Although I wrote this book on my vacation in Mexico, in about a week, it’s been the most popular book so far. I’m looking into republishing it in hard-cover as a gift book.
The concept, it is more blessed to give than to receive, is simple but it runs contrary to what we’ve been taught in life. We’ve learned that if we have $10 and give away $2, then we have $8. If we have one hundred and sixty-eight hours in the week and we spend one day helping someone in need, then we’ve lost eight of our precious hours.
I love what Thomas Stanley wrote in his book Millionaire Women Next Door. He says there are multiple benefits that donors receive from being generous. He concludes that "people who annually give away at least ten percent of their income to a noble cause are likely to:
- gain more respect;
- have more joy and happiness in their lives; and
- encounter increases in their wealth and net worth."
The answer seems logical enough. Consider these case examples: Tina Patron (TP) is a generous person, and she donates at least ten percent of her income each year. Olga Price (OP) donates far less, at most one percent. All else—income, age, and several other wealth correlates—being equal, Olga should have a higher level of net worth, so logic suggests that giving to noble causes is a substitute, not a complement, to accumulating wealth.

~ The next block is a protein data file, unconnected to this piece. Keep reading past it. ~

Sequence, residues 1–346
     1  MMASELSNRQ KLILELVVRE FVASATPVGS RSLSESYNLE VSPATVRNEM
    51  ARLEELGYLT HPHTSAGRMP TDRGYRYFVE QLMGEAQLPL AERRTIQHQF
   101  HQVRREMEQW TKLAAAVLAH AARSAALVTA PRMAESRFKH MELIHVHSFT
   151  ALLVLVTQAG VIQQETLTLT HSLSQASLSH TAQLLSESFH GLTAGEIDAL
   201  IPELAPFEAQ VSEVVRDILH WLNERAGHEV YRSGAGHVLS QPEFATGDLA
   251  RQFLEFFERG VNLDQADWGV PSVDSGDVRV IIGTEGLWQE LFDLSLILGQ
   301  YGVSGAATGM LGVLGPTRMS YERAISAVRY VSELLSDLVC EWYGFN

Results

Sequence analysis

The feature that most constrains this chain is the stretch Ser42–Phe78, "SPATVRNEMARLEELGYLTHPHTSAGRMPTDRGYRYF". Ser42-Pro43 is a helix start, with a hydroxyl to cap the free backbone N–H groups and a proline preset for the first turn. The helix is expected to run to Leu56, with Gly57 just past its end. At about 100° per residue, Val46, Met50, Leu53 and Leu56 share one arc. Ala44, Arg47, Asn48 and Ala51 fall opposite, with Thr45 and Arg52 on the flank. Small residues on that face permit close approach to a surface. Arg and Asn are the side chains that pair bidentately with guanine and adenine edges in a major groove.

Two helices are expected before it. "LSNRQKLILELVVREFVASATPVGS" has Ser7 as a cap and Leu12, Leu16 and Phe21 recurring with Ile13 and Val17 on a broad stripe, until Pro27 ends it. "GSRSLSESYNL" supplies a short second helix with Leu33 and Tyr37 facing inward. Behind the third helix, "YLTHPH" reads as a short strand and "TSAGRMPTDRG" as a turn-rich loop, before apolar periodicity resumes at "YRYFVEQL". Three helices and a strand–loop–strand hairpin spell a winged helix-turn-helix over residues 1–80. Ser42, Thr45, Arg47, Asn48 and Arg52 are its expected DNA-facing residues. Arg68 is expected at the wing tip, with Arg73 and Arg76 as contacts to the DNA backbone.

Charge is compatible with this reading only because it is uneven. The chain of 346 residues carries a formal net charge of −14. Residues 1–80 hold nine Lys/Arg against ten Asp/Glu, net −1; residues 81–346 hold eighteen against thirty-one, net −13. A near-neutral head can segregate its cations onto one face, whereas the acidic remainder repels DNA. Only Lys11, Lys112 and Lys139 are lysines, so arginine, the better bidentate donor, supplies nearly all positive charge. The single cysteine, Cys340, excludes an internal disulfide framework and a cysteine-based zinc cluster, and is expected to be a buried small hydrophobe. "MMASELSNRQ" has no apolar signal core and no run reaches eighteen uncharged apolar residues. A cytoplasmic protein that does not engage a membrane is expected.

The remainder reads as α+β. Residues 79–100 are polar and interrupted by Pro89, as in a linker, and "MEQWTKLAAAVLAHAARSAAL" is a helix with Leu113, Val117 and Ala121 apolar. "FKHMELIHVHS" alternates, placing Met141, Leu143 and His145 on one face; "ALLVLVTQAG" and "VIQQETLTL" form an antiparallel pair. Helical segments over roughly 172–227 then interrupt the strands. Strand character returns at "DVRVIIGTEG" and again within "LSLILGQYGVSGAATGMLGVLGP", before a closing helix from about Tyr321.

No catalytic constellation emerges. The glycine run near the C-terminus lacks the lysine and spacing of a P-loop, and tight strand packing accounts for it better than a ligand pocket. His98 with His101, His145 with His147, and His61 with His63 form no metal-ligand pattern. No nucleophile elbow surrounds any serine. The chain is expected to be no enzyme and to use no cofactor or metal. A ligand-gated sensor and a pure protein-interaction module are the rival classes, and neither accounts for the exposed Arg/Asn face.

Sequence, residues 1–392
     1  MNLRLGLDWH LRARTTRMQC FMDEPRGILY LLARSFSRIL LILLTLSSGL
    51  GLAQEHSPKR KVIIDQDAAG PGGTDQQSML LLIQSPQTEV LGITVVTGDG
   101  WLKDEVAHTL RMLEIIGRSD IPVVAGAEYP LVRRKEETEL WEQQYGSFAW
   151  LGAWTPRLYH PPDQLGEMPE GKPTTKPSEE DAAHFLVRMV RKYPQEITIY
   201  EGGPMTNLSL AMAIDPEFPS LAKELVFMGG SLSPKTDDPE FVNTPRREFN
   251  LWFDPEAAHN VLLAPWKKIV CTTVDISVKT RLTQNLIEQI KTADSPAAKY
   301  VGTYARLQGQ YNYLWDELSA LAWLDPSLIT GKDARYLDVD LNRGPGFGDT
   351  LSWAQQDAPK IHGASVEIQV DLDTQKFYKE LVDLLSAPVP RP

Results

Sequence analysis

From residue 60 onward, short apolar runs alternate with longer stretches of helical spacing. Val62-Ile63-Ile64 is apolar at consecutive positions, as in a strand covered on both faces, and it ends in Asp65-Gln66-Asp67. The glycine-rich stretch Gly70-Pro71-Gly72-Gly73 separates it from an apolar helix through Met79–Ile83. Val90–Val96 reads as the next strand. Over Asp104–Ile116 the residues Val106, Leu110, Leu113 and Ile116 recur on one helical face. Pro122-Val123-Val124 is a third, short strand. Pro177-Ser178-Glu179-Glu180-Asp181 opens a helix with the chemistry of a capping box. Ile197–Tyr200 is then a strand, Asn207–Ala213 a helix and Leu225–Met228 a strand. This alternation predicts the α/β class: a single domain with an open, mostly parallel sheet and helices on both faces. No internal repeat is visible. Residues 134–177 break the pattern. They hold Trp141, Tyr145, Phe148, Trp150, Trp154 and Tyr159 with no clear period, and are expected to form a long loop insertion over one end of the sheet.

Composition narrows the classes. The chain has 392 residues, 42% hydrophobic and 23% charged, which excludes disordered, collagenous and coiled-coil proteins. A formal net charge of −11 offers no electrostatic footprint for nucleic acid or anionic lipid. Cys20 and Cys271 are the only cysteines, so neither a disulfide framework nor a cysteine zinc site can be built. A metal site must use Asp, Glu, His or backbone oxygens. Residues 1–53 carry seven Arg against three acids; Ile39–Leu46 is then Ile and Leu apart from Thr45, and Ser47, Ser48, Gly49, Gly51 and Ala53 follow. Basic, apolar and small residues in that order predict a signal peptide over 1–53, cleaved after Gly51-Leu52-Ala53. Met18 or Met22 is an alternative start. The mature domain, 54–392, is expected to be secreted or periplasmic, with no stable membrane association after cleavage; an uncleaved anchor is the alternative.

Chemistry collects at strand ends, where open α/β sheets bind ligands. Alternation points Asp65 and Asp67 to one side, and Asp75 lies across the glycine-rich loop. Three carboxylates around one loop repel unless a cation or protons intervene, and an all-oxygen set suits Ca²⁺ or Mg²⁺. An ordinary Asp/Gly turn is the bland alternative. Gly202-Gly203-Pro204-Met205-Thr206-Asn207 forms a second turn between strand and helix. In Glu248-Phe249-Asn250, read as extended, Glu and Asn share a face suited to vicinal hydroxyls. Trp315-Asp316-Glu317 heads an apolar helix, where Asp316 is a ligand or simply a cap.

Well, so much for college-classroom and economic-textbook logic. All things are not equal in such situations. My data from two groups of high-income-producing women suggest that giving and wealth are indeed complements, not substitutes. All those surveyed had annual realized earned incomes of $100,000 or more, and all were owners and mangers of their own businesses. Each respondent was randomly selected from my national-survey database, and two groups, each containing survey data from one hundred women, provided the empirical base for this analysis. As detailed later, on the average both groups were similar in terms of age and income.
The first group of one hundred women was labeled “ten percenters” (TPs, Tina Patron types). They gave at least ten percent of their annual realized income to charitable and noble causes each year. The second group of one hundred women was labeled “one percenters” (OPs, or Olga Price types); they gave one percent or less. Thus, on average, TPs contributed $41, 543, while their counterpart OPs contributed just $2,355.
You may logically conclude the OPs would have considerably more wealth accumulated. They are not “burdened” with doling out $41,543 annually. Again, so much for logic. In spite of contributing ten percent or more of their annual realized income each year, the TPs have a higher level of net worth than do the OPs: $2.03 million versus $1.96 million.
Imagine that—God was right! I hope you'll watch my interview and let me know what you think.